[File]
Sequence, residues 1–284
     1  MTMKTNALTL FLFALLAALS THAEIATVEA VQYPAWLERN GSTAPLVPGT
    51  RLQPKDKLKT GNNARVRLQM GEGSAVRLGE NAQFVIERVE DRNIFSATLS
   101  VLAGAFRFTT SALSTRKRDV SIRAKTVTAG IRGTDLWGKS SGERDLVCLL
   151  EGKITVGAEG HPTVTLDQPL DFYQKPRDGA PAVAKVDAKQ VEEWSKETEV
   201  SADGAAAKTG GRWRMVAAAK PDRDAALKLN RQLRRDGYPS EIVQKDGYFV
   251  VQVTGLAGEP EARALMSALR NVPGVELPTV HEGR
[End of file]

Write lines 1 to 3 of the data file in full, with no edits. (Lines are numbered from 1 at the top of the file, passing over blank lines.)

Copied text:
Sequence, residues 1–284
     1  MTMKTNALTL FLFALLAALS THAEIATVEA VQYPAWLERN GSTAPLVPGT
    51  RLQPKDKLKT GNNARVRLQM GEGSAVRLGE NAQFVIERVE DRNIFSATLS